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Christian Music - Reviews, News, Interviews

Talk About It

  • reviewed by Andy Argyrakis Copyright Christianity Today International
  • 2001 1 Jan
  • COMMENTS
Talk About It
Sounds like … a mix between flashy urban dance rhythms, soulful pop, and diva-like easeAt a Glance … Mullen has improved from her debut effort, developing a glossier sound with heartfelt lyrics that are bound to touch the hearts of listeners from any musical or racial background.

Prior to 2000, most people knew Nicole C. Mullen as a backup singer for the likes of Amy Grant and Michael W. Smith, as well as the voice behind Veggie Tales' "Larry Boy" theme song. But after the release of her self-titled effort just a year ago, this behind-the-scenes cast member became the "Song of the Year" Dove Award winner for her hit, "My Redeemer." The timeless ballad showcased Mullen's majestic voice, while the worshipful lyrics became ingrained in the minds of countless listeners. Such attention for the single launched Mullen back on tour with Michael W. Smith, but this time as an individual act on the bill, as opposed to just a background vocalist.

While Mullen could have gotten a big head from all the attention and her promotion from a supporting singer to spotlight talent, she's done just the opposite. Mullen used her newfound fame to serve as a mentor to young women in her hometown just outside of Franklin, Tennessee—and also speak out against racism. Her passion for unity regardless of skin color or denomination and for being a good role model to teens are the focus of her latest release, Talk About It.

The 11 tracks are a melting pot of sounds, ranging from brisk dance-floor grooves to somber but soulful ballads performed with eloquence and ease. After the joyous "All Aboard" introduction, Mullen belts out the hearty title cut. The thumping bass and vibrant horn section add to the diva-like vocals that proclaim Mullen's unashamed faith and no-fear attitude. "Baby Girl" follows suit, with a sound blending the pop sensibilities of Sunshine Anderson and the funk of Jill Scott. The track is told through the eyes of a teenager who's discouraged with all the troubling situations around her. The youngster complains her mother doesn't understand her and is angry that her father left the household, but Mullen reminds her Jesus is our ultimate provider.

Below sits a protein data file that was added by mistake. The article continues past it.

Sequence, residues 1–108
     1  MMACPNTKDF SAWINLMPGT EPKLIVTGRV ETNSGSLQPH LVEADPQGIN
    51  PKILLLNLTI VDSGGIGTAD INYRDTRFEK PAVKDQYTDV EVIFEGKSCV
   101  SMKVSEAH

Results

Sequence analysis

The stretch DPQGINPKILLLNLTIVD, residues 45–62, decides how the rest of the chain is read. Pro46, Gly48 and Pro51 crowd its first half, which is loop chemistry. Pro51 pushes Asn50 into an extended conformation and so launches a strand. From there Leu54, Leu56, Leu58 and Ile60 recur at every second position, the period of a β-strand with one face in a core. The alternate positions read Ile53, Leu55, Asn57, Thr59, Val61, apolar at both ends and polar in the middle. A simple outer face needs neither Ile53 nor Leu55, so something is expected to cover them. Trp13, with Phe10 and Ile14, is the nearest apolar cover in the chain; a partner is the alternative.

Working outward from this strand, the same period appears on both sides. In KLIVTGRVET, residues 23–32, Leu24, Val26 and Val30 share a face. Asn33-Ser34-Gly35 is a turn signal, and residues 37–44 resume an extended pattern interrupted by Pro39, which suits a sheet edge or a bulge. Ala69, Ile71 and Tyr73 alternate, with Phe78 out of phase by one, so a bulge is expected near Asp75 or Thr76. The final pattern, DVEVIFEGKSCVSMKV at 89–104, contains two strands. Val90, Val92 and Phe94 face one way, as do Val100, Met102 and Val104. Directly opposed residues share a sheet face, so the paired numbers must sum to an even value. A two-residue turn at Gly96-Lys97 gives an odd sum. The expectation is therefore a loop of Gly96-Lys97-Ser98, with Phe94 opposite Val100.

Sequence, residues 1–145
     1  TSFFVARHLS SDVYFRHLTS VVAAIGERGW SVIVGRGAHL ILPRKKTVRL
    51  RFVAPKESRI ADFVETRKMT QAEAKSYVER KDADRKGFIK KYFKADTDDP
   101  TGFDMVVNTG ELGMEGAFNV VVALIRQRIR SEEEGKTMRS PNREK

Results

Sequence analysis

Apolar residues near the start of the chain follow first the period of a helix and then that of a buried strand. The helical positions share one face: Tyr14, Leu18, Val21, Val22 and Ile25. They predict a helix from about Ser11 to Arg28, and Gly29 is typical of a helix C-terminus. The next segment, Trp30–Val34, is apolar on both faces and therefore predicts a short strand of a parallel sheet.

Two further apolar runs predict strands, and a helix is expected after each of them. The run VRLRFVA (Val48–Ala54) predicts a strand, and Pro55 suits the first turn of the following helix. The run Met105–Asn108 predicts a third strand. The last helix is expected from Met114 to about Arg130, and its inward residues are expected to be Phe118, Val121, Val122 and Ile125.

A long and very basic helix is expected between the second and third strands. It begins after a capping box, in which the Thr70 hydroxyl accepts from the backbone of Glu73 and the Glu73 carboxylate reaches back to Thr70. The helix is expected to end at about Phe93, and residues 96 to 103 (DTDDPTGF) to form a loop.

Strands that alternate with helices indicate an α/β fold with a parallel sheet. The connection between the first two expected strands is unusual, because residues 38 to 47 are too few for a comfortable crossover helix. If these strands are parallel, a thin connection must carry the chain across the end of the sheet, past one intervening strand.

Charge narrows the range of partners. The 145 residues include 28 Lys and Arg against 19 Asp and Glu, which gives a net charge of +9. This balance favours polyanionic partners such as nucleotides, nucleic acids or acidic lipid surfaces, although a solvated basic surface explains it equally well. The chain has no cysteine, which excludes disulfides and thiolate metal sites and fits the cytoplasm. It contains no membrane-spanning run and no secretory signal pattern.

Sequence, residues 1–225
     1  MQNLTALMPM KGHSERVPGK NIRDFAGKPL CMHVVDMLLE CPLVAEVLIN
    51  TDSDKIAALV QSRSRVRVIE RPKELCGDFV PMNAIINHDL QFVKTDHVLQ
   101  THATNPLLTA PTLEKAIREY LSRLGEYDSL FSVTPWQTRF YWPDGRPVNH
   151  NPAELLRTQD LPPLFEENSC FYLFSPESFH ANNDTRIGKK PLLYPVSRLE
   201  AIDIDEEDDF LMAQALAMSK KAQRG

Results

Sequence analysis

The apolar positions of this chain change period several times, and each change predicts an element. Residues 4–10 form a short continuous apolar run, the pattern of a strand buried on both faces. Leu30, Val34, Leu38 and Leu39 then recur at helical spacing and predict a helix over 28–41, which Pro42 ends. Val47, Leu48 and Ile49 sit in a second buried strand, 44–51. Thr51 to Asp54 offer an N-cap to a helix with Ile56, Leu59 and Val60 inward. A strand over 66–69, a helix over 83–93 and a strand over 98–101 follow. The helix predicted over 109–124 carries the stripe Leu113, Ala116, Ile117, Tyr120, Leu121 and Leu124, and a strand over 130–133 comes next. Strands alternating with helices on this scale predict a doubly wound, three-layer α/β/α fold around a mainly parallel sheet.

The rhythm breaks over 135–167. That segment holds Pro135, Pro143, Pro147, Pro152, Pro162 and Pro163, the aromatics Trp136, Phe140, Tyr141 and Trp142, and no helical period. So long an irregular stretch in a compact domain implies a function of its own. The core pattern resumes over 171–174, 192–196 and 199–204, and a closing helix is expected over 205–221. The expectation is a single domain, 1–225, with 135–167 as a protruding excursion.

"Witness" is also a motivational song during which Mullen repeats the catch phrase, "Can I get a witness?" The vibe is similar to any urban gospel sing-a-long, but it's far from traditional sounding thanks to a thick bass line and rap by David Cox. "The Ring" brings to mind groups such as Out of Eden or Trinitee 5:7, complete with some turntable scratching and crisp synthesized beats. "Sometimes" follows on the disc, keeping the energy level up with the combination of a jangly guitar and catchy drum loops.

But Mullen really shines on the tamer numbers, such as "Let Me Go" and "Black Light." The latter tactfully addresses the issue of race in the context of the Civil Rights movement. "Come Unto Me" and "Call On Jesus" are the project's two power ballads, which bear similarity to "My Redeemer." "Call on Jesus" has classic written all over it, mixing the vocal stylings of Whitney Houston and Jaci Velasquez. The chorus is easy to memorize but remains poignant—"When I call on Jesus/ All things are possible/ I can mount on wings like eagles and soar/ When I call on Jesus/ Mountains are gonna fall/ ('Cause) He'll move heaven and earth to come and rescue me when I call." The track is a viable contender for the same Dove Award Mullen picked up last time around.

After one spin of Talk About It, listeners will most likely want to spread the word about how delightful the project is. Not only does it possess a diverse lineup of instruments and song styles, the disc's lyrical elements are also inviting to a wide age group of music lovers. The disc will undoubtedly make this critic's top-ten list come year's end, and it's destined to stick in the spotlight for some time.


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